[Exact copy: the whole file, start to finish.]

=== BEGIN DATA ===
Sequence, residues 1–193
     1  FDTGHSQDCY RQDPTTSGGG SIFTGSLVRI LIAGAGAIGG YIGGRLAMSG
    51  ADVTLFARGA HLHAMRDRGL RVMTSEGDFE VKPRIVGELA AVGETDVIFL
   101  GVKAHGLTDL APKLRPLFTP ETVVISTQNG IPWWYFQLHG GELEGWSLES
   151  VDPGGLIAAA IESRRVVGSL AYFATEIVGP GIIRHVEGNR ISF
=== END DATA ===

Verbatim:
Sequence, residues 1–193
     1  FDTGHSQDCY RQDPTTSGGG SIFTGSLVRI LIAGAGAIGG YIGGRLAMSG
    51  ADVTLFARGA HLHAMRDRGL RVMTSEGDFE VKPRIVGELA AVGETDVIFL
   101  GVKAHGLTDL APKLRPLFTP ETVVISTQNG IPWWYFQLHG GELEGWSLES
   151  VDPGGLIAAA IESRRVVGSL AYFATEIVGP GIIRHVEGNR ISF